There is an exponential prefactor arising from the transformation of the functional measure in (15) to the unit sphere. Let us see how this comes about. When integrating out the spatial fluctuations in going from (5) to (8), the canonical measure in each time slice becomes . From the stereographic projection (7) we see that this is equal to , where denotes the product of integrals over the solid angle on the surface of the unit sphere in four dimensions, with the integral yielding the total surface . From Chapter 10 in the textbook  we know that in a curved space, the time sliced measure of path integration is given by the product of invariant integrals in each time slice, multiplied by an effective action contribution , where is the scalar curvature. For a sphere of radius r in D dimensions, , implying here . Thus, when transforming the time-sliced measure in the original path integral (3) to the time-sliced measure on the sphere in (9) which contains the effective action, the exponent is modified accordingly.
A complete set of orthonormal hyperspherical functions
on this sphere may be denoted by , where n,l,m are the
quantum numbers of the
hydrogen atom with the well-known ranges
They can be expressed in terms of the
of the SU(2) matrices
with the Pauli matrices
The orthonormality and completeness relations are
where the -function satisfies . When restricting the complete sum to l and m only we obtain the four-dimensional analog of the Legendre polynomial:
where is the angle between the four-vectors and :
The path integral for a particle on the surface of a sphere
in . The solution
of (9) reads
For the path integral itself in (9), the exponential contains the eigenvalue of the squared angular-momentum operator which in D dimensions is . In our system with D=4, l=n-1, these eigenvalues are , leading to an exponential . Together with the exponential prefactor in (9), this leads to the exponential in (14). The integral over S in (15) with (15) can now be done yielding the amplitude at zero fixed pseudoenergy
This has poles displaying the hydrogen spectrum at energies:
3. Consider the following generalization of the final action (8):
This action is invariant under reparametrizations if simultaneously . The path integral with the action (8) in the exponent may thus be rewritten as a path integral with the gauge-invariant action (17) and an additional path integral with an arbitrary gauge-fixing functional . Going back to a real-pseudotime parameter , the action corresponding to (17) which describes the dynamics of the point particle in the Coulomb potential reads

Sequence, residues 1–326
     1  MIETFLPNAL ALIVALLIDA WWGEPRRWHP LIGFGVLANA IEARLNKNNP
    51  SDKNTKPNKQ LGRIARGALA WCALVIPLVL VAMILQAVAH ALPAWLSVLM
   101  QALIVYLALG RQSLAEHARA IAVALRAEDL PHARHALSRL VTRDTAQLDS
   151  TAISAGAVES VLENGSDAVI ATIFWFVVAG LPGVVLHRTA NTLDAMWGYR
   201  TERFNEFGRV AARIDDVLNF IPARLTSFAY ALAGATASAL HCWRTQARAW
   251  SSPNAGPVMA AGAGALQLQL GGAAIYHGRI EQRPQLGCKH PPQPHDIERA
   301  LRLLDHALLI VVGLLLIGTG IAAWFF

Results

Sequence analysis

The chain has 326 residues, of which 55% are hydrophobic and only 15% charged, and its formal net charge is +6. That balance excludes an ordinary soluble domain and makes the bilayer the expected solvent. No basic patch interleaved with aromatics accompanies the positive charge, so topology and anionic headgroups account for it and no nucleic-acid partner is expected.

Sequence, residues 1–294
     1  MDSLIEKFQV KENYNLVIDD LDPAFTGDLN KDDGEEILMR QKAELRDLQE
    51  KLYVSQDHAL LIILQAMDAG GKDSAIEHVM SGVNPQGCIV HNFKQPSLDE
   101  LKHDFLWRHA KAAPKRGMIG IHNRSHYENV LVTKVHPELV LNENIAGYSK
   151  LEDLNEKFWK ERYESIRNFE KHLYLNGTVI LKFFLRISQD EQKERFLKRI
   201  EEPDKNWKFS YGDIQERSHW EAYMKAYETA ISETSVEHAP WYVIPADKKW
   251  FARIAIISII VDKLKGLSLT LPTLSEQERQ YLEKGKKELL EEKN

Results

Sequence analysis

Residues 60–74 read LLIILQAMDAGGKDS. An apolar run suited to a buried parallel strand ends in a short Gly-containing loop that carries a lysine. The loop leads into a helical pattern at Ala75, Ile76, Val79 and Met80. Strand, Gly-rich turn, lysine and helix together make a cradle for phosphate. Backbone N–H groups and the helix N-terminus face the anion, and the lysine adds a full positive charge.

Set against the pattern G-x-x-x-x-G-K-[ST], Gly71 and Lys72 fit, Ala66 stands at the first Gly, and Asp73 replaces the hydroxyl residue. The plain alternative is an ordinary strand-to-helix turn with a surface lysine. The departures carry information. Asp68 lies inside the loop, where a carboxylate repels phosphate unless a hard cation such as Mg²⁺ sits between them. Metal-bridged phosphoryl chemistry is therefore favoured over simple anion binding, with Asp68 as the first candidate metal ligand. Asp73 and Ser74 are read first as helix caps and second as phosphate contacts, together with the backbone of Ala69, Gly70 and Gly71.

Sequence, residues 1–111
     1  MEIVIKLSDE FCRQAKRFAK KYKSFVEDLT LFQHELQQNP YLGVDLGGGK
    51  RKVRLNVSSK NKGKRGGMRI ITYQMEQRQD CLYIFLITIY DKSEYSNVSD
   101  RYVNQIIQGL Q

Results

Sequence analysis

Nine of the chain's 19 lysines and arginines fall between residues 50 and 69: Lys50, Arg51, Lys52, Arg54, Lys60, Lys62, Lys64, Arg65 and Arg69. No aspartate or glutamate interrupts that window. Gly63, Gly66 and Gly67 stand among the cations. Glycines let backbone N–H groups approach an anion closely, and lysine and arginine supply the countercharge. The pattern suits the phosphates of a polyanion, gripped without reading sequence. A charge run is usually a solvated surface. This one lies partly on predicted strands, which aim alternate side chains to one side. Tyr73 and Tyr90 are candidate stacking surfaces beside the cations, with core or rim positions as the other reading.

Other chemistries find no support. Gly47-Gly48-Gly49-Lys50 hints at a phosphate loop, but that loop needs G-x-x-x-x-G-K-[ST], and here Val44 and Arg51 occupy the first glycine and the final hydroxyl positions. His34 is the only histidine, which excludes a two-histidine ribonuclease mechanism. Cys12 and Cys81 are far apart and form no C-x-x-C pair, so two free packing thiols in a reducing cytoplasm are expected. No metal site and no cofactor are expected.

At the extremum in h, this action reduces to
This is the manifestly reparametrization invariant form of an action in a curved space with a metric . In fact, this action coincides with the classical eikonal in momentum space:
Observing that the central attractive force makes point in the direction , and inserting , we find precisely the action (19). In fact, the canonical quantization of a system with the action (19) a la Dirac leads directly to a path integral with action (18) .
The eikonal (20), and thus the action (19),
determines the classical orbits via the
first extremal principle of theoretical mechanics
4. Since the Coulomb path integral in momentum space is equivalent to that of a point particle on a sphere, we can use it to pass an experimental judgement on the possible presence of an extra R-term in the Hamiltonian operator of the Schrödinger equation in curved space which could be caused by various historic choices of the measure of path integration (see the discussion in Chapter 11) of Ref. . In the exponent of (14), an extra term in the Hamilton operator in addition to the Laplace-Beltrami term would appear as an extra constant 3c added to . The hydrogen spectrum would then have the energies . The only theoretically proposed candidates for c are , and 1/8 [7, 8, 3]. The resulting strong distortions of the hydrogen spectrum would certainly have been noticed experimentally a long time ago, apart from the fact that they would contradict Schrödinger theory in x-space whose spectrum (16) as the first triumph of quantum theory in atomic physics.
On fundamental level, the present discussion confirms the validity of the nonholonomic mapping principle [1, 9] which predicted the extra factor in the measure of the path integral in curved space, without which the correct spectrum in curved momentum space would not have been obtained-the energy would have had the unphysical form with a singularity at n=1!
This work was supported by Deutsche Forschungsgemeinschaft under contract Kl-256.